The interactive role-playing simulation, sponsored by the Catholic Relief Services Global Campus Project and the CRS Ambassadors, was developed to help students gain insight into the issues that were being publicly debated in a way that moved beyond lectures or readings.
Practicing What is Preached In addition to his teaching obligations, Ahern remains active in several national and international networks, including as the international president of ICMICA-Pax Romana, a network of Catholic professionals and intellectuals in over fifty countries.
In a recent book, co-published with Christopher Derige Alano, Ahern spotlights on-campus faith communities. God’s Quad: Small Faith Communities on Campus and Beyond offers tools and best practices for young adults and college students to create and maintain faith-based communities. Perfectly positioned at Manhattan College, which has multiple student-led groups focused on faith and spirituality, Ahern has opportunities to work with students who are passionate and driven to help others and connect with the wider world.
Whether it is in the form of the CRS student ambassadors or the Muslim Student Association or the JustPeace members, the college’s inclusive community works to carry out the Lasallian tradition.
Empowering Student Activism
Ahern believes in empowering student activism and student mobilizing, as well as seeking ways faculty members can assist in that process. As a faculty member on the National Advisory Board of the Catholic Relief Services, he’s focused on helping the international organization partner with colleges at two levels: student experience and faculty mentoring and research.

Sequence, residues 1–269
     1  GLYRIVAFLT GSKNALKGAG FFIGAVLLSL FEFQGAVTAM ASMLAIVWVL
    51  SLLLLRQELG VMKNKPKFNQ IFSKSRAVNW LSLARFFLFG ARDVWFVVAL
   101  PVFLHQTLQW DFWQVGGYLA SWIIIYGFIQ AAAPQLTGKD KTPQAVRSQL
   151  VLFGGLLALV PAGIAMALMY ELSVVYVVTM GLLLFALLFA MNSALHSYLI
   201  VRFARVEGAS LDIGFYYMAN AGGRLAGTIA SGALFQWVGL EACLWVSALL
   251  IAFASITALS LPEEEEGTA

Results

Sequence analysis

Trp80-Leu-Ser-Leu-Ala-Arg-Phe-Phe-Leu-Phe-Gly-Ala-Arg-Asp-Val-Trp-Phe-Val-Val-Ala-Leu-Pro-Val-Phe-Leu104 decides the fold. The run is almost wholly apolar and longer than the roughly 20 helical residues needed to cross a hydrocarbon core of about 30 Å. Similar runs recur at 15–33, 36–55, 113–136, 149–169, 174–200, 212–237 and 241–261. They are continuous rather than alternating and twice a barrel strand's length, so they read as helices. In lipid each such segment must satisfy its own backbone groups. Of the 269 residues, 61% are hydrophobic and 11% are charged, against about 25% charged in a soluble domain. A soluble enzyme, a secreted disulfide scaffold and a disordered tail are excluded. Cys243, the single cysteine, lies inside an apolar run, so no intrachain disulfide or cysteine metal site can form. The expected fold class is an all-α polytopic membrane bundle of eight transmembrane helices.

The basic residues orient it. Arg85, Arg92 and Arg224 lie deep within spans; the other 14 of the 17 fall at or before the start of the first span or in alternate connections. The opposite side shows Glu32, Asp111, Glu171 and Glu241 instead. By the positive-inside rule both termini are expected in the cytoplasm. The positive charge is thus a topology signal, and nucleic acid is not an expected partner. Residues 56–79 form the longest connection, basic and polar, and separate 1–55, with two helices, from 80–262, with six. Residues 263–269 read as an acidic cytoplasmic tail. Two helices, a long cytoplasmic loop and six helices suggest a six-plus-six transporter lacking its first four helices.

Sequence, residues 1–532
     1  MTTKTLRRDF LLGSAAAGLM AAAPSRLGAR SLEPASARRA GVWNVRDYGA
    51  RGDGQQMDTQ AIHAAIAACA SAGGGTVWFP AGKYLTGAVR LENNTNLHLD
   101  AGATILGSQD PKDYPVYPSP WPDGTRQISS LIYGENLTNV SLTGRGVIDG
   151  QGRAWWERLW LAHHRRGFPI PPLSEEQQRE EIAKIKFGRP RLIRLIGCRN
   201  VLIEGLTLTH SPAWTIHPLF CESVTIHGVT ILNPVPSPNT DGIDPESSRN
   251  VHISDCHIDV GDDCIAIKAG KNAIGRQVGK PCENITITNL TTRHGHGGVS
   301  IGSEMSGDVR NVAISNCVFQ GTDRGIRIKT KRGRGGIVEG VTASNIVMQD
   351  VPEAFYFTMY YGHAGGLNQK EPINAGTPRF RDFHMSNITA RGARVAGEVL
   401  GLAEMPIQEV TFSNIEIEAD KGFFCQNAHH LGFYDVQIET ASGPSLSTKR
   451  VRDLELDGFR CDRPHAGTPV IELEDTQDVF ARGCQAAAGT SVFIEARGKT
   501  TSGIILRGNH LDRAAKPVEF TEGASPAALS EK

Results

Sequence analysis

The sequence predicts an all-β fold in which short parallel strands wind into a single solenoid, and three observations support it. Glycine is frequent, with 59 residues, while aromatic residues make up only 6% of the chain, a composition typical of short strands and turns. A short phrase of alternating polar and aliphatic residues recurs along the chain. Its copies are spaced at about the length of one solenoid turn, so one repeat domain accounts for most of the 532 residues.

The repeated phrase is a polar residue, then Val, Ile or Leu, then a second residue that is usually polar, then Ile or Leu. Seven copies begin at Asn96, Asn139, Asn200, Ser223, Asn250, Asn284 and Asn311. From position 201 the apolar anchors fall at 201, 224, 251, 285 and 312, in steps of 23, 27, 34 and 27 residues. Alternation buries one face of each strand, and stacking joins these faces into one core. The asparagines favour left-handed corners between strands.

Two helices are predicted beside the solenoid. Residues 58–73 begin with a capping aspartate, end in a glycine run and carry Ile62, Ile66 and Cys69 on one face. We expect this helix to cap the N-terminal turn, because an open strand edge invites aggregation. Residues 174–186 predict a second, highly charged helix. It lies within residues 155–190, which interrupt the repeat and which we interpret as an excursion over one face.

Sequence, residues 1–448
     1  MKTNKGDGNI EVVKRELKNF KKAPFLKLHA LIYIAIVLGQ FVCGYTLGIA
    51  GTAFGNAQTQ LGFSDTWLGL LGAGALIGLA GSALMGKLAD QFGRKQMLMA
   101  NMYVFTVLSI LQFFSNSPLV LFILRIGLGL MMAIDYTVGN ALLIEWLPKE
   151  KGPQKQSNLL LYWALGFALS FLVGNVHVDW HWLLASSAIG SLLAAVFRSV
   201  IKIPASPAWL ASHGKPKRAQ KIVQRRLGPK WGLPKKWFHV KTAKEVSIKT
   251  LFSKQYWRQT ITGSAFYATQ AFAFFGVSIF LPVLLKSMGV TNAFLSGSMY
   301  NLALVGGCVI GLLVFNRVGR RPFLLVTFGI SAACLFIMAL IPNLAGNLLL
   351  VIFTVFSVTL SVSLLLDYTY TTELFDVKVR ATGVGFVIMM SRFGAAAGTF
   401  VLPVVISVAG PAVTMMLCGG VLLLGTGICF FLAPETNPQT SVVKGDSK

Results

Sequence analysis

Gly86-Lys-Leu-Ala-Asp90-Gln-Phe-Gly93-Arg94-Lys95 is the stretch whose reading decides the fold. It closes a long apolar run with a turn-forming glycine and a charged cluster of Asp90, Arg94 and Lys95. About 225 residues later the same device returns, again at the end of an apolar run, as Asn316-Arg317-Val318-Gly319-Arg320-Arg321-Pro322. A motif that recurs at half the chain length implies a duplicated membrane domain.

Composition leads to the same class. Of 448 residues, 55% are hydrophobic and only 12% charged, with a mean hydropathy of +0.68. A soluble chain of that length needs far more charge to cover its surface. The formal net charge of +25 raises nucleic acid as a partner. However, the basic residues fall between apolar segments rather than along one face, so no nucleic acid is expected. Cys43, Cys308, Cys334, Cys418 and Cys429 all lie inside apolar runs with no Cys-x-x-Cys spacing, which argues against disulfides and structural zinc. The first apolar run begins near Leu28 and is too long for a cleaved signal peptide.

In developing partnerships with universities, the CRS is working to “tap into the network,” he explains, to be even more effective.
As president of the International Catholic Student Organization before he earned his doctorate, he already had a well of experience to draw on, being an integral part of one of the oldest student-led movements in the world, and his scholarship naturally focused on faith-based student organizing.
Not only is he intrigued by faith-based student activism as a scholar, in that he wants to see the case studies that prove student mobilization is possible and powerful, but he also believes it’s important for faculty members to accompany students on these journeys.
The initial idea for Crossing Borders was from Cabrini University, and the details filtered through the network via the CRS partnership, another reason Ahern sees these partnerships as so valuable to universities. The call to action encouraging students to try the simulation read, “Find out if YOU could cross a border for a better life? Would the U.S. accept YOU?”
Student and CRS member Alana Pons believes the offer of free pizza might have been what initially moved students through the doors. Before the simulation, Pons notes how amazed she was at the level of passion people shared on issues of immigration and migration when they had never been to a border.
She had spent time working at a shelter on the border of El Paso, Texas, and Juarez, Mexico, receiving migrants from detention centers. She helped take people to the first showers they had enjoyed in days or weeks and offered them clean clothes.
Moved by the families and children she saw each day, she recalls, “It was there that I saw the devastation of the policies I’d been learning about in class.” While she already empathized with the plight of migrants, until she lived inside the moment, she did not realize how devastating it was. As she witnessed the children who were going to have lives that were being forever altered by this experience, she notes, “Now I realize that this needs to be a priority.”